With 3,115 career hits, 696 career home runs, 2,086 career runs batted in and 329 career stolen bases, the 22-year Major League Baseball veteran Alex (A-Rod) Rodriguez is one of the most widely-known baseball players in the world.
On April 27, Rodriguez came to Slippery Rock University to spread his story and message to young people. University Program Board (UPB) director of speakers, Ryan Ferguson, was in charge of the committee that brought Rodriguez to The Rock.
Ferguson said that, while UPB has brought in big-name speakers before, it was special to have someone like Alex Rodriguez come to SRU.
“I think his story is just so popular with everybody, even if you’re not primarily a baseball fan, you know the name A-Rod,” Ferguson said. “It’s just an amazing feeling to bring someone like that to connect with over 700 people and change some lives tonight, and I think that’s what we really did. I’m proud of everybody that was a part of that process.”
Director of career education and development at SRU, Dr. John Rindy, was the moderator of the event, asking Rodriguez questions and keeping the conversation moving.
Rindy said that he wanted to try to have Rodriguez share as many of his experiences as he could with the Slippery Rock students in attendance.
“I think the purpose of a moderator is to take the discussion the way that the audience would like it to go, to know the audience a little bit and to ask questions in that direction,” Rindy said. “(Rodriguez) said, ‘take the conversation in the direction you know is right,’ and that is exactly what I wanted to hear.”
Rodriguez talked about his life growing up with a single mother and how he ultimately was drafted first overall by the Seattle Mariners in the 1993 MLB draft at the age of 17. Rodriguez said that he originally was going to attend the University of Miami on a full baseball scholarship and wanted to pursue a master’s degree in business. Growing up with two siblings and a single mother that worked two jobs, Rodriguez said that he knew his only way to attend college would be through baseball.
Rodriguez continued to talk about how, even as a rookie in the MLB, he was determined to not become one of those athletes that loses all their money and has no future after they retire. He also said that as an 18-, 19- and 20-year old playing alongside players in their mid-thirties, he had to mature very quickly. In his words, he “had the body of a man, the talent of a major leaguer and the maturity of a boy.”
Much to the surprise of the audience, Rodiguez also openly talked about 2014, the year he was suspended from baseball due to using performance enhancing drugs (PEDs). He said the suspension was one of the lowest points of his life and that he had to apologize to a lot of people to try and make amends for what he did. The lesson he learned from this, he said, was to surround yourself with people who want to help you, through good times and bad.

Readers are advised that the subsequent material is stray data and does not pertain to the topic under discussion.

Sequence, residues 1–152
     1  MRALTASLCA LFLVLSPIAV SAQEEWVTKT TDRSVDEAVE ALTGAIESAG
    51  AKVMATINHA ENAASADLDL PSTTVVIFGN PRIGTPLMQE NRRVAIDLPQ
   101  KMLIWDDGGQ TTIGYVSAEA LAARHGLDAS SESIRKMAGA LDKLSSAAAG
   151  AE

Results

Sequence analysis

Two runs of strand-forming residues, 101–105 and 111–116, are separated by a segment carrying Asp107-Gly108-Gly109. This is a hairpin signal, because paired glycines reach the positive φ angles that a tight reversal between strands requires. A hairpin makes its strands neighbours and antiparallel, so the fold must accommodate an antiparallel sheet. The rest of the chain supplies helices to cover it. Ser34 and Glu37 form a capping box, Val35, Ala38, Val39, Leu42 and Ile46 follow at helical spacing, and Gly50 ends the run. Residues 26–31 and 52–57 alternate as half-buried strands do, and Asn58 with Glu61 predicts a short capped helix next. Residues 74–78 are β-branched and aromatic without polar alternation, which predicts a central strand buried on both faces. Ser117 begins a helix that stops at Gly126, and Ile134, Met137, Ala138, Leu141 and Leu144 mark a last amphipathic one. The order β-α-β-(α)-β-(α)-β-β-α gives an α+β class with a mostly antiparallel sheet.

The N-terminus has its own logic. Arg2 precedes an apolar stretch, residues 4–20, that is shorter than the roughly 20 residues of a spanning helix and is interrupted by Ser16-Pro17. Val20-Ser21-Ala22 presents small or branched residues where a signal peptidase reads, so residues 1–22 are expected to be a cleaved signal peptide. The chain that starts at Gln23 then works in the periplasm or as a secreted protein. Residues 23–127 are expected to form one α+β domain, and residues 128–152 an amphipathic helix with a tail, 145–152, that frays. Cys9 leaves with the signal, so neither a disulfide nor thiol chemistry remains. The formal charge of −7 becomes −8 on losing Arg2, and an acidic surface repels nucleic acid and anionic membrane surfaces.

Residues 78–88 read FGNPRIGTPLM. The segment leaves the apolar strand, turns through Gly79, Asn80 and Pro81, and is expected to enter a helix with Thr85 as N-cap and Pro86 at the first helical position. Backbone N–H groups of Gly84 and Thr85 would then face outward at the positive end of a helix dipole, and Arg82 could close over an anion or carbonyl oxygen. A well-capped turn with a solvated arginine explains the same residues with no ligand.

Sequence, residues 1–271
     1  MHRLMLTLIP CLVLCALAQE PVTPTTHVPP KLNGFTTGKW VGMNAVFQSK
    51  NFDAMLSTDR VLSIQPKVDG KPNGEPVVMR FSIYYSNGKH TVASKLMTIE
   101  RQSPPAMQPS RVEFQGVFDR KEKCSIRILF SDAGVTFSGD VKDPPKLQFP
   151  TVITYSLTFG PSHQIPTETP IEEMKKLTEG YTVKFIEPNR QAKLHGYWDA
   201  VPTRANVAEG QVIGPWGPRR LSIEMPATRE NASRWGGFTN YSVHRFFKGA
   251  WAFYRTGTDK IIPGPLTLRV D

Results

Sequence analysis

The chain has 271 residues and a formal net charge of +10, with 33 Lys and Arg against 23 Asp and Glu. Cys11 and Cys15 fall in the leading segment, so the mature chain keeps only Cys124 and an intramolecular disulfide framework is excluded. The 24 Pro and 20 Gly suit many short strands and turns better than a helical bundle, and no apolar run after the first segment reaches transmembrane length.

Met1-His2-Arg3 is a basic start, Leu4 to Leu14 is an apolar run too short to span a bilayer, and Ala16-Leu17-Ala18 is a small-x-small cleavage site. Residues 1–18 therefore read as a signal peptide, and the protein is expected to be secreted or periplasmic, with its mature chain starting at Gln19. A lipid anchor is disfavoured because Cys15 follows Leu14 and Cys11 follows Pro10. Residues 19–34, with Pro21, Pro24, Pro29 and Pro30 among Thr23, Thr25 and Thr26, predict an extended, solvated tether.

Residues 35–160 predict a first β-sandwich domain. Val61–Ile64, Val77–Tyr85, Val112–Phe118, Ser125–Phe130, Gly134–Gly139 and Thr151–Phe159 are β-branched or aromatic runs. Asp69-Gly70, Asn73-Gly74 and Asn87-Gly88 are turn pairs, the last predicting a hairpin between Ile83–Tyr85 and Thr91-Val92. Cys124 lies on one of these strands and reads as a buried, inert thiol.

From there, it was opened up for audience members to ask questions and that is when the crowd began to see the real Alex Rodriguez. A young woman from Queens, NY said that Rodriguez was an inspiration to her and her sister and he responded, “I have to give you a hug.” He embraced the young woman, who was on the verge of tears, to applause from the audience.
An audience member asked him again about his PED use, to which Rodriguez said was a horrible 30-second decision that could have ruined his life, and that the worst part of it was having to explain himself to his two daughters.
Finally, a very young boy asked Rodriguez who he thought the best baseball player was right now, to which Rodriguez responded that one day, that young boy might be. He again came down from the stage to embrace the boy, much to the crowd’s pleasure.
Ferguson said that Rodriguez’s personal interactions with the audience was better than anything he could have expected.
“That was amazing,” Ferguson said. “He’s a very personable guy, not everybody would do that and he was so open to doing it. So I think it just made tonight even better, because he got on that very personable level with some of the crowd.”
UPB president Brandon Quinn said that he thinks Rodriguez chose to come to a small school like Slippery Rock because he enjoys talking to, and connecting with, smaller crowds.
“For him to come and talk to such a small crowd and to be able to relate, I’m sure with the big arenas you can’t relate to a one-on-one perspective. Somewhere like this, it’s small and it’s easier to relate and I’m sure he likes to do that,” Quinn said. “He knows he inspires people and when you’re told something like that you want to inspire as many people as you can.”